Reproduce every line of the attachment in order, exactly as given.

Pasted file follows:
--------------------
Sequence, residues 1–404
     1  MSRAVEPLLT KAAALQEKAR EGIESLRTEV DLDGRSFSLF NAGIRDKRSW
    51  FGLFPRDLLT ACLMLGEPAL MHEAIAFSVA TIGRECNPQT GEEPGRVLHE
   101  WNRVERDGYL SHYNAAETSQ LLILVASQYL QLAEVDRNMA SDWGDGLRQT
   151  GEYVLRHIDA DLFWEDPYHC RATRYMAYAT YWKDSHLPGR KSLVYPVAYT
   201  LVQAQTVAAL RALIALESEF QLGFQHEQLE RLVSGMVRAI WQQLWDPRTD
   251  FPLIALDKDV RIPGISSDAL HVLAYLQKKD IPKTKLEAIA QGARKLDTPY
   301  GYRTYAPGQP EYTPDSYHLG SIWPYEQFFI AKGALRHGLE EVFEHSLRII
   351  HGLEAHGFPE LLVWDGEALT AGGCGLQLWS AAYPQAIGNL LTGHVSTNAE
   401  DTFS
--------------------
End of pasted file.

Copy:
Sequence, residues 1–404
     1  MSRAVEPLLT KAAALQEKAR EGIESLRTEV DLDGRSFSLF NAGIRDKRSW
    51  FGLFPRDLLT ACLMLGEPAL MHEAIAFSVA TIGRECNPQT GEEPGRVLHE
   101  WNRVERDGYL SHYNAAETSQ LLILVASQYL QLAEVDRNMA SDWGDGLRQT
   151  GEYVLRHIDA DLFWEDPYHC RATRYMAYAT YWKDSHLPGR KSLVYPVAYT
   201  LVQAQTVAAL RALIALESEF QLGFQHEQLE RLVSGMVRAI WQQLWDPRTD
   251  FPLIALDKDV RIPGISSDAL HVLAYLQKKD IPKTKLEAIA QGARKLDTPY
   301  GYRTYAPGQP EYTPDSYHLG SIWPYEQFFI AKGALRHGLE EVFEHSLRII
   351  HGLEAHGFPE LLVWDGEALT AGGCGLQLWS AAYPQAIGNL LTGHVSTNAE
   401  DTFS